Background: One of the major consequences of pregnant women becoming infected by Toxoplasma gondii is vertical transmission to the fetus. Although rare, congenital toxoplasmosis can cause severe neurological or ocular disease (leading to blindness), as well as cardiac and cerebral anomalies. Prenatal care must include education about prevention of toxoplasmosis. The low prevalence of the disease in the Canadian population and limitations in diagnosis and therapy limit the effectiveness of screening strategies. Therefore, routine screening is not currently recommended.
Objective: To review the prevention, diagnosis, and management of toxoplasmosis in pregnancy.
Outcomes: OUTCOMES evaluated include the effect of screening on diagnosis of congenital toxoplasmosis and the efficacy of prophylaxis and treatment.
Evidence: The Cochrane Library and Medline were searched for articles published in English from 1990 to the present related to toxoplasmosis and pregnancy. Additional articles were identified through references of these articles.
Values: The quality of evidence is rated and recommendations made according to guidelines developed by the Canadian Task Force on Preventive Health Care (Table).
Benefits, harms, and costs: Guideline implementation should assist the practitioner in developing an approach to screening for and treatment of toxoplasmosis in pregnancy. Patients will benefit from appropriate management of this condition.
Sponsor: The Society of Obstetricians and Gynaecologists of Canada.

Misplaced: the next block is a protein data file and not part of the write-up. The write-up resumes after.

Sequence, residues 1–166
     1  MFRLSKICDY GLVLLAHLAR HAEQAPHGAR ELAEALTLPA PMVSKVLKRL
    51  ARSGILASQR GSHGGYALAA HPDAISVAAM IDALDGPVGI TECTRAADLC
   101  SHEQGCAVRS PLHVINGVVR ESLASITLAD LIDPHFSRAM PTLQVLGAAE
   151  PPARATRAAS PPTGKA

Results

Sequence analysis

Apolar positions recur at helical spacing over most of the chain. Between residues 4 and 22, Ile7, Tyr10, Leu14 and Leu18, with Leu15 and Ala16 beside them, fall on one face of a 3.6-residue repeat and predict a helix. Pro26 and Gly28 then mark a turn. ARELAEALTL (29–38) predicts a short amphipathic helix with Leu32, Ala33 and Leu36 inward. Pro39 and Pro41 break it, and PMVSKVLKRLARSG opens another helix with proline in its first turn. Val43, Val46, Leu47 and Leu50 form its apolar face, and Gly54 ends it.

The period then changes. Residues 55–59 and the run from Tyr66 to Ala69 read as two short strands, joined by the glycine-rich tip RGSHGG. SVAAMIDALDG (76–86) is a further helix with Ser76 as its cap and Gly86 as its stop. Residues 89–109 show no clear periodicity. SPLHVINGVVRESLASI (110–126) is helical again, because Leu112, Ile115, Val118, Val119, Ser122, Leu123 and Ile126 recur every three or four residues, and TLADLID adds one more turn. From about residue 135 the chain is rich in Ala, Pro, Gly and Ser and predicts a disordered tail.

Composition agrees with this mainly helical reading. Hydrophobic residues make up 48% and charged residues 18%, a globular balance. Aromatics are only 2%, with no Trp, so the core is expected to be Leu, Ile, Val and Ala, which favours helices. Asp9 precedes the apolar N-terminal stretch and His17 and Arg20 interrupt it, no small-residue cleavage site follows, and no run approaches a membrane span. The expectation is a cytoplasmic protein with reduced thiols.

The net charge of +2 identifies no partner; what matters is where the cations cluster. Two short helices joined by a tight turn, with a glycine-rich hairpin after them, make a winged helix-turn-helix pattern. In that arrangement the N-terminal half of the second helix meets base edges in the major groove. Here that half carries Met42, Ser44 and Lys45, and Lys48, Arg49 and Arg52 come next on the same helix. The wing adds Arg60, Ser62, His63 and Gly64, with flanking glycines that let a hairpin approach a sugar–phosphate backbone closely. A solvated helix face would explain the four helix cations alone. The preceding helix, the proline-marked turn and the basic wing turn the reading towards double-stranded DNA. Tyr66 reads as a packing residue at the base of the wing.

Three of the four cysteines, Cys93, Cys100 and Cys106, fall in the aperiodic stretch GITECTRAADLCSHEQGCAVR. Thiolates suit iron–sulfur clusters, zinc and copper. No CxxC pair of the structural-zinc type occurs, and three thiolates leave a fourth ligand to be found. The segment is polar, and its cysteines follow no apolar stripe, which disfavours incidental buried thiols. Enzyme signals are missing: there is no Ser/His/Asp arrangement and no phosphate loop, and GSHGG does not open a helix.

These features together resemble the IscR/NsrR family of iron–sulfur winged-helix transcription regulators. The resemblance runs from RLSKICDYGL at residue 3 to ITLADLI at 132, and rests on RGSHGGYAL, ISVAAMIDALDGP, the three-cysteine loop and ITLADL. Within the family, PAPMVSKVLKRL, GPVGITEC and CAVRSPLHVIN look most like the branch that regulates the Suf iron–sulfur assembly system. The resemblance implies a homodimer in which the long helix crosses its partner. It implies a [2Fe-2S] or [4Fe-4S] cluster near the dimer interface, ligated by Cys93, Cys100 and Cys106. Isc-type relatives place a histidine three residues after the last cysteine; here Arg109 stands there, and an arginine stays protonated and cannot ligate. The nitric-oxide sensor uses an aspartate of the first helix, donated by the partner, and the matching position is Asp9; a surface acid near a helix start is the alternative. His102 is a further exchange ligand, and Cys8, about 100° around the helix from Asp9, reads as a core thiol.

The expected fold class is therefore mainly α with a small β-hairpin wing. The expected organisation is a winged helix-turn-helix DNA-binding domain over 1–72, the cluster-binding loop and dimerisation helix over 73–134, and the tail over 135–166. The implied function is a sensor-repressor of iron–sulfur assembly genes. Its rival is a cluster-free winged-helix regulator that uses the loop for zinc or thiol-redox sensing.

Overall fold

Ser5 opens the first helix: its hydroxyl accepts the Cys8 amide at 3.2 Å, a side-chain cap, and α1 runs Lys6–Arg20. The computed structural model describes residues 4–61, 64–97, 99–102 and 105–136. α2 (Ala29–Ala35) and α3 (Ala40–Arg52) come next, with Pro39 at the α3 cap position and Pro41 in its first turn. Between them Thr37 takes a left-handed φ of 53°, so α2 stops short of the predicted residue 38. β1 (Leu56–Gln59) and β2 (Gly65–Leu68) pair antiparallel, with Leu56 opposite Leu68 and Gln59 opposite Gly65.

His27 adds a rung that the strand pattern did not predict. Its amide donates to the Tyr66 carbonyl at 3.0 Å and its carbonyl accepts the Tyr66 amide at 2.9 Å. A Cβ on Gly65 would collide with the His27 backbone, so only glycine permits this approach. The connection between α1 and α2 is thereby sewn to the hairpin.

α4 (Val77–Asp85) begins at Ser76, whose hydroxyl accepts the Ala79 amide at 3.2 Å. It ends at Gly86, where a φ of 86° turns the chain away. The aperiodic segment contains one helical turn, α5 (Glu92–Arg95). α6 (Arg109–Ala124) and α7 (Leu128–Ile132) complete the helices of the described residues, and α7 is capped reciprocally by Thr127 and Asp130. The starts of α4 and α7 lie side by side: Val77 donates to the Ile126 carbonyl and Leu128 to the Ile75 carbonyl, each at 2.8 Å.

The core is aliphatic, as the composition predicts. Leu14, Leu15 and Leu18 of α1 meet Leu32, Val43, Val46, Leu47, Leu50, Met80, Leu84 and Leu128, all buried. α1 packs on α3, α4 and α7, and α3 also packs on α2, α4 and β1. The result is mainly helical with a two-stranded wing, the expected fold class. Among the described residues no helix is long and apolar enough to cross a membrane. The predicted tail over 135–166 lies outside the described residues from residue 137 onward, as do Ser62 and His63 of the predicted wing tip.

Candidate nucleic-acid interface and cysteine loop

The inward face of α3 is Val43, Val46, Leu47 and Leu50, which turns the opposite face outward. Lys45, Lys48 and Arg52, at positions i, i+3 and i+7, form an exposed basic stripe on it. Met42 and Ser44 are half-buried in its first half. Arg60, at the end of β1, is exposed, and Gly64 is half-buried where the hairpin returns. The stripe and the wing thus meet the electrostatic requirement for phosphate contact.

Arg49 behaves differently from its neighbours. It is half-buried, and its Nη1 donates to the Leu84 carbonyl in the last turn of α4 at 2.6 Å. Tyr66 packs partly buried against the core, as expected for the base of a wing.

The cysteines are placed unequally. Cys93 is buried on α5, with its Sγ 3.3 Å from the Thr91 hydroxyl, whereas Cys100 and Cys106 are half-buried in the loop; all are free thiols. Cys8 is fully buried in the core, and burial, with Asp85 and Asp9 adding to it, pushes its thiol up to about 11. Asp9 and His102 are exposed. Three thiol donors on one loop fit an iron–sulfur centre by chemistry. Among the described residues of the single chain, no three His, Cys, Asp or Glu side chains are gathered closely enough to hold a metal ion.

Recommendations: 1. Routine universal screening should not be performed for pregnant women at low risk. Serologic screening should be offered only to pregnant women considered to be at risk for primary Toxoplasma gondii infection. (II-3E) 2. Suspected recent infection in a pregnant woman should be confirmed before intervention by having samples tested at a toxoplasmosis reference laboratory, using tests that are as accurate as possible and correctly interpreted. (II-2B) 3. If acute infection is suspected, repeat testing should be performed within 2 to 3 weeks, and consideration given to starting therapy with spiramycin immediately, without waiting for the repeat test results. (II-2B) 4. Amniocentesis should be offered to identify Toxoplasma gondii in the amniotic fluid by polymerase chain reaction (a) if maternal primary infection is diagnosed, (b) if serologic testing cannot confirm or exclude acute infection, or (c) in the presence of abnormal ultrasound findings (intracranial calcification, microcephaly, hydrocephalus, ascites, hepatosplenomegaly, or severe intrauterine growth restriction). (II-2B) 5. Amniocentesis should not be offered for the identification of Toxoplasma gondii infection at less than 18 weeks' gestation and should be offered no less than 4 weeks after suspected acute maternal infection to lower the occurrence of false-negative results. (II-2D) 6. Toxoplasma gondii infection should be suspected and screening should be offered to pregnant women with ultrasound findings consistent with possible TORCH (toxoplasmosis, rubella, cytomegalovirus, herpes, and other) infection, including but not limited to intracranial calcification, microcephaly, hydrocephalus, ascites, hepatosplenomegaly, or severe intrauterine growth restriction. (II-2B) 7. Each case involving a pregnant woman suspected of having an acute Toxoplasma gondii infection acquired during gestation should be discussed with an expert in the management of toxoplasmosis. (III-B) 8. If maternal infection has been confirmed but the fetus is not yet known to be infected, spiramycin should be offered for fetal prophylaxis (to prevent spread of organisms across the placenta from mother to fetus). (I-B) 9. A combination of pyrimethamine, sulfadiazine, and folinic acid should be offered as treatment for women in whom fetal infection has been confirmed or is highly suspected (usually by a positive amniotic fluid polymerase chain reaction). (I-B) 10. Anti-toxoplasma treatment in immunocompetent pregnant women with previous infection with Toxoplasma gondii should not be necessary. (I-E) 11. Women who are immunosuppressed or HIV-positive should be offered screening because of the risk of reactivation and toxoplasmosis encephalitis. (I-A) 12. A non-pregnant woman who has been diagnosed with an acute Toxoplasma gondii infection should be counselled to wait 6 months before attempting to become pregnant. Each case should be considered separately in consultation with an expert. (III-B) 13. Information on prevention of Toxoplasma gondii infection in pregnancy should be made available to all women who are pregnant or planning a pregnancy. (III-C).